Bringing any vaccine to production and distribution is usually a costly, years-long effort, with trials required to ensure safety and effectiveness. In the case of RSV vaccines, the NIH studies that indicated strong RSV protection resulted in FDA fast-tracking the review process.

The RSV vaccine research has taken years, with disappointments — even failure — along the way. Graham recalled a major setback in the 1960s, when scientists attempted to take the same approach successfully used in polio vaccines developed by virologist Jonas Salk. Salk’s method used formaldehyde and heat to kill the poliovirus while keeping the properties that trigger a response from the immune system.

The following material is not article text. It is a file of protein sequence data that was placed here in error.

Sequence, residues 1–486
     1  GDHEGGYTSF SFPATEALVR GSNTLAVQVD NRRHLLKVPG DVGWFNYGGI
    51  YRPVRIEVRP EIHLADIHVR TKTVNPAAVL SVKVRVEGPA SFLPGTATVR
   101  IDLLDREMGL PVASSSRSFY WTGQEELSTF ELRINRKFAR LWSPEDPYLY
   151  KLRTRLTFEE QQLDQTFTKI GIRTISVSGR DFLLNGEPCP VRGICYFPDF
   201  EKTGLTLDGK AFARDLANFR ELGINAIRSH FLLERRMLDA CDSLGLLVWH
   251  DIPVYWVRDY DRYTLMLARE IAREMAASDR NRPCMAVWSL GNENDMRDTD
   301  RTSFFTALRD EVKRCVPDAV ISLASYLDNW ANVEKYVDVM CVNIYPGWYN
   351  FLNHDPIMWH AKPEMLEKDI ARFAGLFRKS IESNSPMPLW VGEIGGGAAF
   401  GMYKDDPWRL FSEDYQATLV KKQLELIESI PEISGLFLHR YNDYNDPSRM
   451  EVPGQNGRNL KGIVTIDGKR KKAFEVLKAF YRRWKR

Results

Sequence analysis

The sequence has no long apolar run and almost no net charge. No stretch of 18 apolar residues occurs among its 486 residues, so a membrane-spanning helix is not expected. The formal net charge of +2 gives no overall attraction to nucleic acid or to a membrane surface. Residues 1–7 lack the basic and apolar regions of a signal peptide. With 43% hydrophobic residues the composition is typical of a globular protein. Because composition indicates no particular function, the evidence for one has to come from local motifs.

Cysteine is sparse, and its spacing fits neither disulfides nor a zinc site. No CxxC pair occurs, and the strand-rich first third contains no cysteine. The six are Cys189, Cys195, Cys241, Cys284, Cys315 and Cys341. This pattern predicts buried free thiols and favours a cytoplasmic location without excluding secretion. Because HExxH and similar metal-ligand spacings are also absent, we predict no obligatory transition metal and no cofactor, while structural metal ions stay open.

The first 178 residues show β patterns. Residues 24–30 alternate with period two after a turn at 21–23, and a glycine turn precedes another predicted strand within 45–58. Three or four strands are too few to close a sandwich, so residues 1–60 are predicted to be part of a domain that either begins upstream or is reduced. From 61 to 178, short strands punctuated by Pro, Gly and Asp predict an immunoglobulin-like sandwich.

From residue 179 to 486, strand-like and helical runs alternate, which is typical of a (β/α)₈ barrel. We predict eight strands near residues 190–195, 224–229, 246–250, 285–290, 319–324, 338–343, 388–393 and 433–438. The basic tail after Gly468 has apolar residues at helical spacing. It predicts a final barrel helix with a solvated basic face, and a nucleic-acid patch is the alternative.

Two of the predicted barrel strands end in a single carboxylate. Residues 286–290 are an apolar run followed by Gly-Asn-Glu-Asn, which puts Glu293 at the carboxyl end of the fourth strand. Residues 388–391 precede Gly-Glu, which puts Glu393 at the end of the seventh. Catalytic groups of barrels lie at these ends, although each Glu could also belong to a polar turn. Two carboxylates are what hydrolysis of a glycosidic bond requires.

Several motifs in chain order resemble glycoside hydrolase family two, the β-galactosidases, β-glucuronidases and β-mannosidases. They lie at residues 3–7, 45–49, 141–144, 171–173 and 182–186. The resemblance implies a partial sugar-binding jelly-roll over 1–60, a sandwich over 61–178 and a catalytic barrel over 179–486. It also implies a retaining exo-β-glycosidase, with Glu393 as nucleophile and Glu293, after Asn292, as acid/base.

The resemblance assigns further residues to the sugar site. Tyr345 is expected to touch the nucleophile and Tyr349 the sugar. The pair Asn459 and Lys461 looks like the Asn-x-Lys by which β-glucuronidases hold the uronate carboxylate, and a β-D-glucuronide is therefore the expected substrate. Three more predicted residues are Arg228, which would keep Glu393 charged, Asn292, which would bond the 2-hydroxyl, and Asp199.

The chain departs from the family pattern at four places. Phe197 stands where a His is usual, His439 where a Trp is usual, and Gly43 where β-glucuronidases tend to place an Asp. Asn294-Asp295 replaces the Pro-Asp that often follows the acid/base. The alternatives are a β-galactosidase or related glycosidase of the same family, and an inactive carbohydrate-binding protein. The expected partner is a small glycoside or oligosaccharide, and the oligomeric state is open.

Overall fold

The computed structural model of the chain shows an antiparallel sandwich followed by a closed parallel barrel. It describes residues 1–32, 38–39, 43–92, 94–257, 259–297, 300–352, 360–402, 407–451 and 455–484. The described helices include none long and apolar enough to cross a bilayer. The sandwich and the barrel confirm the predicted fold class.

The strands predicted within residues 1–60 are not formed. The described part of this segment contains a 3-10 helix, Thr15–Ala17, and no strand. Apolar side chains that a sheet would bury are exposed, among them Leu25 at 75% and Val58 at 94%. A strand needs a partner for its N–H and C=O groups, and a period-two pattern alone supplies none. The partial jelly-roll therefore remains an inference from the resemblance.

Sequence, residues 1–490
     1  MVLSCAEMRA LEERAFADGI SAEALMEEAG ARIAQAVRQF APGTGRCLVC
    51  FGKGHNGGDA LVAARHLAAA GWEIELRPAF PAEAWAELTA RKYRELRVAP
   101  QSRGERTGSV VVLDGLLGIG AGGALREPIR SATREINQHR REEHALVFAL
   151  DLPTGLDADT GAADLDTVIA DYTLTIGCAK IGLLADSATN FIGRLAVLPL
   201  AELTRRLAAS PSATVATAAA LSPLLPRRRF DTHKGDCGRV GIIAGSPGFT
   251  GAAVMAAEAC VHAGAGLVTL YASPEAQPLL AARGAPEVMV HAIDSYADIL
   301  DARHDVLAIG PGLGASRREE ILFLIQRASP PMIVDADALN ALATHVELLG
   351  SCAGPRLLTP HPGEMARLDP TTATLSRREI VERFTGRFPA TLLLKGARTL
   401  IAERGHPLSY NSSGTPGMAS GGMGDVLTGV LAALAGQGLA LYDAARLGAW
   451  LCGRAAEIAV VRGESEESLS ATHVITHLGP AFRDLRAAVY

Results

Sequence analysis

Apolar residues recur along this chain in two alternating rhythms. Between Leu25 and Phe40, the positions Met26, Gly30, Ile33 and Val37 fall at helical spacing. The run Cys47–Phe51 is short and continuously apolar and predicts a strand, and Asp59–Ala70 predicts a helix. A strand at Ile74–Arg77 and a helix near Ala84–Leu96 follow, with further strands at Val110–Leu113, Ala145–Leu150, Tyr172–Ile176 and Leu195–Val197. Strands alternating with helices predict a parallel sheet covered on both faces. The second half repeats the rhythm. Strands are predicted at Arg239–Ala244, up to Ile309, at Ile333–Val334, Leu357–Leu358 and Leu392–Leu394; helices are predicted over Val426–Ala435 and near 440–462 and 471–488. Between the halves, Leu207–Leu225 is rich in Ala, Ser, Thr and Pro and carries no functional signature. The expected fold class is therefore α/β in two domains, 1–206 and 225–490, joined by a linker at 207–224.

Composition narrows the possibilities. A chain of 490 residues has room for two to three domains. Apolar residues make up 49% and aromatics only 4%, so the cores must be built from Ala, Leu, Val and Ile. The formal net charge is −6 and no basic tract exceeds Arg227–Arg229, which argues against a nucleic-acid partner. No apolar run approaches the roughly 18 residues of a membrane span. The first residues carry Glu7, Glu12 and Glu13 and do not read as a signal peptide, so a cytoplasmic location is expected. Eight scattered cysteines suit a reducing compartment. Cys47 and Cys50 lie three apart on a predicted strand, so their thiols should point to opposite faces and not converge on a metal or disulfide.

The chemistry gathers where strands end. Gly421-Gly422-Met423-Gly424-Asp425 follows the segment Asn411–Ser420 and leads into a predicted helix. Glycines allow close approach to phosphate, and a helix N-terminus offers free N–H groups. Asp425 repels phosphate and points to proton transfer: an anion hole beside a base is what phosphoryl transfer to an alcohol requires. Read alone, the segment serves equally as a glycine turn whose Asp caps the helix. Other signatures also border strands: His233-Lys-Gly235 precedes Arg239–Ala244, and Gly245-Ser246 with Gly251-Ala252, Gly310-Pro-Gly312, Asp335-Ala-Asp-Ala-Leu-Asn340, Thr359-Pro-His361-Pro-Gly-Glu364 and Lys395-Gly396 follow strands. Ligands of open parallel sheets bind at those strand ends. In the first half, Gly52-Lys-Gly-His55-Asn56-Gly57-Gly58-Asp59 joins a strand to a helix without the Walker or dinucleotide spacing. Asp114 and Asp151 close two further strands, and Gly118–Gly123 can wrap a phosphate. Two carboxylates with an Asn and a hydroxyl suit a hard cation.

Children who received the early RSV vaccines, however, ended up sicker because they had received an enhanced version of the virus. That stopped vaccine development for RSV.

Now, more than 50 years later, the current RSV vaccine formulation is similar to the spike protein used in COVID-19. A protein found on the surface of RSV, Protein F, has been used in the latest vaccine development for RSV. With using this protein in vaccine develop, scientists are able to generate immune responses that provide protection from the virus.

“Should the vaccine be judged to be safe and efficacious and approved by the FDA in the May timeframe, we are on target to make sure that this vaccine is available for patients to begin the RSV season in 2023,” said Leonard Friedland, director of scientific affairs and public health for GSK’s vaccine division, said.

“The whole scientific community for more than 50 years has been trying to develop vaccines for RSV. I think we’re finally there.”